The key themes and risks our House View team expect to drive financial markets.
Rapid economic recovery
2020 will go down in history as the year of COVID. Because of the pandemic, last year will also have seen the steepest declines in GDP in the post-war period.
There are still significant uncertainties and although 2021 is likely to be linked directly with the virus once more, the dominant feature of this year should be a strong and lasting economic recovery (Figure 1).
Figure 1. 2021 and 2022 should both see strong global growth
Country variations, but pre-COVID trends could be regained next year
The exact path to, and shape of, that recovery will be determined by transmission patterns of the virus itself (including variants) as well as by the extent of progress of the various vaccine programmes that are currently being undertaken around the world. Initial waves of the COVID virus a year ago had a similar impact in most developed nations, but subsequent waves have been more varied and there may well be some significant differences in the experience across countries going forward.
Nevertheless, our central scenario envisages a globally coordinated economic upswing in 2021. In fact, despite renewed lockdown restrictions – which affected activity in some places in the last three months of 2020 and are likely to do so again in the first three months of this year – that revival is essentially already underway on a global basis. World GDP has grown each quarter since the middle of 2020, albeit at a slowing pace.
But if economies reopen significantly, as we expect, then Q2 (especially) and Q3 this year should see some very rapid growth rates of GDP in the major nations (Figure 2). Several economies will regain pre-COVID levels of activity this year, including the US, while others should pass that mark early in 2022.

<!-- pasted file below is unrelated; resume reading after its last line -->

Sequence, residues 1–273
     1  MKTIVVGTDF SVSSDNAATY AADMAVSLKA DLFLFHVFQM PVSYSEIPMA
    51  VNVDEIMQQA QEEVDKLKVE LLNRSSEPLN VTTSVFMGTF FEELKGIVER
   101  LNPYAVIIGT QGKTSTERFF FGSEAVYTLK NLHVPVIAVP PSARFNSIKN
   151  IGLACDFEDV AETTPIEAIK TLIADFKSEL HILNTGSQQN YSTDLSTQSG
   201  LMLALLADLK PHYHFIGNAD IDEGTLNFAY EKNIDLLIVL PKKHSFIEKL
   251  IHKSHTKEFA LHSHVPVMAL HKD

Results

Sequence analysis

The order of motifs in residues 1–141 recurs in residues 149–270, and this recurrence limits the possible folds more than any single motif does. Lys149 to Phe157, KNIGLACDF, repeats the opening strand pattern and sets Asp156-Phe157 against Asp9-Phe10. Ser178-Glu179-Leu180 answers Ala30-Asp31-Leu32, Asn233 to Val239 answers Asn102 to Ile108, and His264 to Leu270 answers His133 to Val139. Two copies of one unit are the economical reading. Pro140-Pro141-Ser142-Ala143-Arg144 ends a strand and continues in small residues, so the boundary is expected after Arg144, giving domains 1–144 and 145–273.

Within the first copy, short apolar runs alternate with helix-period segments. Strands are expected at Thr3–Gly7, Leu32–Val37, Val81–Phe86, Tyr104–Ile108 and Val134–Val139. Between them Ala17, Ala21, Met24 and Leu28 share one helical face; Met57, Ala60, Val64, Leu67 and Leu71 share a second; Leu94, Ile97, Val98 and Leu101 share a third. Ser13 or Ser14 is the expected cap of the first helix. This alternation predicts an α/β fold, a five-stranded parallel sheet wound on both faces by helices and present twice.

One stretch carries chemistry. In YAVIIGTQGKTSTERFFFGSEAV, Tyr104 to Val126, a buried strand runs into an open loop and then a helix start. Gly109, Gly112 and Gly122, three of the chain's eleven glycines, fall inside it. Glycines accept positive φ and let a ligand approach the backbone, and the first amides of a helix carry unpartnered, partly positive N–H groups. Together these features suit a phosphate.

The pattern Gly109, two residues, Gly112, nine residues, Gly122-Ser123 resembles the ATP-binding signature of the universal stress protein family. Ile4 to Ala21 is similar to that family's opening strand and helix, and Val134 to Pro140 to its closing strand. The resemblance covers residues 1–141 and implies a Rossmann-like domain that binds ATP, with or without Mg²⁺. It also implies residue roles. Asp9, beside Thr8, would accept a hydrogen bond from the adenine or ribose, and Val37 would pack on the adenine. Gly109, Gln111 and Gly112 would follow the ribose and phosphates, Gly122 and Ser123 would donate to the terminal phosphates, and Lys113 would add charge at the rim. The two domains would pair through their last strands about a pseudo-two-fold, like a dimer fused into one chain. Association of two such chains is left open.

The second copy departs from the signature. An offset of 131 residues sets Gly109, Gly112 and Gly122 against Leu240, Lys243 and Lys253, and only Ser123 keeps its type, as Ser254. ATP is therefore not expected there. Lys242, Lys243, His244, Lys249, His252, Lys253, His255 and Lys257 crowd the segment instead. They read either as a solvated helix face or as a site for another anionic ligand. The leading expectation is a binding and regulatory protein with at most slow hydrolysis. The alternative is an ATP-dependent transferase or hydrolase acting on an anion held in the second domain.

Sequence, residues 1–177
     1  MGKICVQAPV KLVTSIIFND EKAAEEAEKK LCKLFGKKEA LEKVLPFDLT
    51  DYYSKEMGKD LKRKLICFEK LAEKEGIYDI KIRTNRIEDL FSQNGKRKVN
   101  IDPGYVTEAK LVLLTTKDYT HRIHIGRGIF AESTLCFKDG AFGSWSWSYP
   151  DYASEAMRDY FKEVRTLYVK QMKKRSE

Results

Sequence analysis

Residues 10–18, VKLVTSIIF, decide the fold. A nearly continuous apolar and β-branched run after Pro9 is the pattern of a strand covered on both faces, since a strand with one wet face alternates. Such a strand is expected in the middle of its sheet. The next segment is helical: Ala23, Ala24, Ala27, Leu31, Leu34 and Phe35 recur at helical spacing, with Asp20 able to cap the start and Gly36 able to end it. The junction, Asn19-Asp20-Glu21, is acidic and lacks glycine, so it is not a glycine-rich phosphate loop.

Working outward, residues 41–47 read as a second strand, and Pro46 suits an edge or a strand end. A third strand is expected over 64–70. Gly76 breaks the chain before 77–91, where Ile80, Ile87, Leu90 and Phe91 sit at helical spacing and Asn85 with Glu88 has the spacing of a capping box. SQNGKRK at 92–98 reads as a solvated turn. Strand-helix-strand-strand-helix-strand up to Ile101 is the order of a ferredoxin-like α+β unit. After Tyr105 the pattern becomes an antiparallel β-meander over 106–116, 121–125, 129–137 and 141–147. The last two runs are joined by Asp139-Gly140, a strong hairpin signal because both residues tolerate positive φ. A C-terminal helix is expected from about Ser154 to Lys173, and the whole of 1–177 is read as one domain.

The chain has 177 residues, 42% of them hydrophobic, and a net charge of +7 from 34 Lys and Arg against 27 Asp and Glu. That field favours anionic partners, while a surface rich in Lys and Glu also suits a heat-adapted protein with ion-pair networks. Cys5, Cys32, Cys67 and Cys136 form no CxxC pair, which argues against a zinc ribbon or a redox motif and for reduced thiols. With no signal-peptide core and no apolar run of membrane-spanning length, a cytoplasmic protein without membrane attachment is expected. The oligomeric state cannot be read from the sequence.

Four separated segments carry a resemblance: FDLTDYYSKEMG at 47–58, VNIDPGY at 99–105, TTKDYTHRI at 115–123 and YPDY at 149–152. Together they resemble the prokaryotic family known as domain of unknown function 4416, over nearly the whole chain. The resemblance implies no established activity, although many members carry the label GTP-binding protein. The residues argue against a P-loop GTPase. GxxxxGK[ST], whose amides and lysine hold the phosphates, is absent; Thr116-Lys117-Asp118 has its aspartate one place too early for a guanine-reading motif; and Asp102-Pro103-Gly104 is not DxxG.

Figure 2. Some areas of COVID-related weakness in Europe in Q4 & Q1
Quarterly GDP growth, actual and projected
On present trajectories and with continuing policy support, it is possible that a number of countries will return to pre-COVID trends by next year, something that seemed highly unlikely just three months ago. Forecasters have been upgrading growth projections in recent months, and we are no different, once again pushing our projections above consensus.
In our central scenario world GDP is projected to grow by almost seven per cent in 2021 and a further 4.5 per cent the following year. Growth is also robust in each of the alternative scenarios this year (and almost identical to the central case in 2022) reflecting diminishing uncertainty regarding the general macroeconomic outlook.
The key to delivering this rapid pace of recovery is both the success of vaccine roll-out and subsequent reopening of economies, alongside continued fiscal and monetary support (see subsequent themes below). With large amounts of “excess” savings built up by households during the pandemic, there are risks to the upside (see risks section below for more).
The backdrop of rapid global growth should continue to be supportive of risk assets in general, although there are likely to be important differences within asset classes, particularly as we expect longer-term interest rates to continue to move higher (see Market Outlook section for more details).
The traditional fiscal orthodoxy that has dominated the last three decades has been called into question by events of recent years. The global pandemic has all but cemented the notion that the old rule-book is no longer relevant in most places.